Tampa Bay Rays Rumors: Could Still Add a Right-Hand Bat


Although the non-waiver trade deadline has past, it will not prevent the Tampa Bay Rays or any other team from making trades. However, the trade will not be as forthcoming, since an entirely different process is used.

The Tampa Bay Rays were busy in the days leading up to the July 31 trade deadline, first acquiring shortstop Adeiny Hechavarria from the Marlins in the early part of the month and progressed with the additions of relievers Sergio Romo, Dan Jennings, Steve Cishek and power hitting first baseman/DH Lucas Duda.

Although their main goal was to address their anemic bullpen, which they did,  Tampa Bay Rays were unable to come up with a right-handed hitter. While they may decide not to add a right-handed bat, the opportunity still exists even though the trade deadline has passed.

Over the years, teams have placed players through waivers at this time in order to trade players or not, dump salary and at the same time teams would claim players to block them from being traded to contending teams.

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Case in point was back in 2000 when the Tampa Bay Devil Rays placed Jose Canseco on revocable waivers and he was claimed by the New York Yankees. The Yankees did not need him or want him, but the Devil Rays saved around $2 million in salary and the Yankees blocked him from going to another team.

Welcome to baseball’s revocable waivers where a team can trade players without restriction between August 1 and August 31 to any team in the AL or NL if they are not claimed within 47 business hours.

Revocable waivers is determined by reverse standings, worst to first and it gives the potential trading team three options should a player be claimed. If a player is claimed, the team has three choices and has 48.5 hours to make the decision.

  1. It can trade the player to the claiming team
  2. Revoke the waiver request (in which case the player will remain with his original team)
  3. Allow the claiming team to take the player and his salary (although a player with no-trade rights can block this from happening)

MLBTradeumors.com reports that Peter Gammons of GammonsDaily.com via Twitter tweets that the Atlanta Braves today placed pitchers R.A. Dickey and Jim Johnson on revocable waivers. While the Rays may not place a claim for either player, there always remains that wee bit of speculation they could on Johnson more so than on Dickey.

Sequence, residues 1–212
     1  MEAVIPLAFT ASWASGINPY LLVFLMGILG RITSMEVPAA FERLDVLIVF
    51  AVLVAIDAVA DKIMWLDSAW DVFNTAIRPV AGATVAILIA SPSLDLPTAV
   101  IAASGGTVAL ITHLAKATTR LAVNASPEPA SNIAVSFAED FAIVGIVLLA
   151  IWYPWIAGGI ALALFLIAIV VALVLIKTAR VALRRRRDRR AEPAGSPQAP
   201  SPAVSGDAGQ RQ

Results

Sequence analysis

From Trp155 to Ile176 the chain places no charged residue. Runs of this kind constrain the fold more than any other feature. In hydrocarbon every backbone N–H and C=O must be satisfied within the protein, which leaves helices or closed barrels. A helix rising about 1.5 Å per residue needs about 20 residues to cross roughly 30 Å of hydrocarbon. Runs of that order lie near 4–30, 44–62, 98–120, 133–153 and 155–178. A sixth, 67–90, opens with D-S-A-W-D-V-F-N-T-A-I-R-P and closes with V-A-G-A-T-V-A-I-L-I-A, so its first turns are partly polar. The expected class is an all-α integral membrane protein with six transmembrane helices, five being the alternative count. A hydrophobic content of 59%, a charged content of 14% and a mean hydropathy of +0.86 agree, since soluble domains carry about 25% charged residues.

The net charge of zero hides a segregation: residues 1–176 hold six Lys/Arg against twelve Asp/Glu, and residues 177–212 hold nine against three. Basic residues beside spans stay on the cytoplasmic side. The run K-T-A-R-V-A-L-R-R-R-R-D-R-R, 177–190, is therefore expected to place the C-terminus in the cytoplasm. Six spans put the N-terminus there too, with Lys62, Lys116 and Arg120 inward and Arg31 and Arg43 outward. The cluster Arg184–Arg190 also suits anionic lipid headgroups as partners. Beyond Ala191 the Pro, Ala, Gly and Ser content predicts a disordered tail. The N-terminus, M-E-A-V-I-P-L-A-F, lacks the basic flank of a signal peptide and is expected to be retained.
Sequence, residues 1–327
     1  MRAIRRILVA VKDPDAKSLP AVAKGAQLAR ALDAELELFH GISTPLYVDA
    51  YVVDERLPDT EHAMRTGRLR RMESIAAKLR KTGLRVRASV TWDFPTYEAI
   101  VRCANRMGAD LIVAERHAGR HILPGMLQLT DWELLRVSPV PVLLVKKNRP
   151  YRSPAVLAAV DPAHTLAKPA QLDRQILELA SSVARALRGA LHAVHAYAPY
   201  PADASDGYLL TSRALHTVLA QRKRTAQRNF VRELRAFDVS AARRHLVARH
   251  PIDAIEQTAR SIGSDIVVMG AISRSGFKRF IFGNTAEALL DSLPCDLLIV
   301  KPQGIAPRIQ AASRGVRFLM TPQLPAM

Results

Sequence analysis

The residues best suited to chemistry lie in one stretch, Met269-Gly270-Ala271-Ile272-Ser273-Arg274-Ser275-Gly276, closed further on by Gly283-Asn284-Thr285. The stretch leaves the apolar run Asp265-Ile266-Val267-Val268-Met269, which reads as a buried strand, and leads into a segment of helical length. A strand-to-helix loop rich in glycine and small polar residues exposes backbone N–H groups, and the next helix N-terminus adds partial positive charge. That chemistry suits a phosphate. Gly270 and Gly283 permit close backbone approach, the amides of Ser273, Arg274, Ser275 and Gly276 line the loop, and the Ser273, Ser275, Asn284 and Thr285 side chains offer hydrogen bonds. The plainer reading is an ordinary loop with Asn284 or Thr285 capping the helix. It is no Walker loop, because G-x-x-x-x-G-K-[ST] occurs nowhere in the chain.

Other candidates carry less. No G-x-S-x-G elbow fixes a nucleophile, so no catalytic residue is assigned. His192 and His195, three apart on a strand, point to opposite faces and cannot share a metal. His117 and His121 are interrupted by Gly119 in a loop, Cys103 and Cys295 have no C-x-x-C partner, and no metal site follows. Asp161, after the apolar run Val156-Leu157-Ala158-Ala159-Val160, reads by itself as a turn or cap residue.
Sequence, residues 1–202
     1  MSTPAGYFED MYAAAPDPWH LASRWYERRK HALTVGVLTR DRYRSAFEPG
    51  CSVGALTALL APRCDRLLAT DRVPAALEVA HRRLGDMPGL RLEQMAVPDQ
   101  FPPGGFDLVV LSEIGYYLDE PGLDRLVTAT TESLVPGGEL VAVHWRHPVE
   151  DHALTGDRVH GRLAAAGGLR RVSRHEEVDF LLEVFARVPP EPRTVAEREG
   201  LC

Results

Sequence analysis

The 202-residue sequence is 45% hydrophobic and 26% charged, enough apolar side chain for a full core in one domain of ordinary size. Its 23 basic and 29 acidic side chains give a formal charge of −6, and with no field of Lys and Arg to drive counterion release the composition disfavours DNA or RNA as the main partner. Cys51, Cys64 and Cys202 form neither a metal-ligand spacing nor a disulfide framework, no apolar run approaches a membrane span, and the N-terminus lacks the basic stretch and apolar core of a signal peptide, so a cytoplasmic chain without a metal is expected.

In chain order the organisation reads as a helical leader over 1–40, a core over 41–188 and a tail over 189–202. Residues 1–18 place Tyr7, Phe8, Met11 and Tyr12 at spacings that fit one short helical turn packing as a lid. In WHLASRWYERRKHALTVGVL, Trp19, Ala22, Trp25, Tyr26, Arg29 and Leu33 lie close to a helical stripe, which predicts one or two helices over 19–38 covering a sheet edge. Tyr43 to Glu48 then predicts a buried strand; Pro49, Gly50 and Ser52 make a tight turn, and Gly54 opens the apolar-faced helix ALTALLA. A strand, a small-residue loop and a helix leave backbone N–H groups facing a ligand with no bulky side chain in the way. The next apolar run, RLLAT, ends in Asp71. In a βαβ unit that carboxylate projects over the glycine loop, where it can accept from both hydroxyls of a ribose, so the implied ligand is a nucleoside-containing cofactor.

Johnson had been the Atlanta Braves closer but was just removed from the role as he blew his eighth save on Saturday, is 6-2 with a 4.09 ERA through 44 innings (45 appearances). He had 22 saves, with 52 strikeouts and 16 walks.  Per Fangraphs, he is averaging a 10.6 K/9 rate along with a ground-ball rate of 50%.

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What could make him an appealing pickup for the Rays is his salary, which is $5.5 million this season and for next season. In regards to Dickey, I would speculate that his salary (earning $7.5 million this season) and potential salary for 2018 is not favorable along with his age (42-years-old) for a Ray’s team that has potential starters waiting in the wings.

As the days in August begin to click away, speculation on my part is that many teams will be placing some of their pending free agents or high priced veterans on revocable waivers in hopes of getting some sort of return other than a draft pick if they are signed as a free agent in the off-season.

The short list of some right-handed bats that could become available is Cleveland switch-hitter 1B Carlos Santana, Nationals catcher Matt Wieters, Rockies C/1B Jonathan Lucroy, New York Mets 2B, switch-hitter Neil Walker and Athletics OF Rajai Davis (2014-2016: .276/.323/.458 hitter against lefties). Again, this list is speculation on my part and I doubt the Rays would take a flyer on these players.

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While the Tampa Bay Rays may decide not to add a right-handed bat, the opportunity does still exist if the right player for the right price is available through revocable waivers.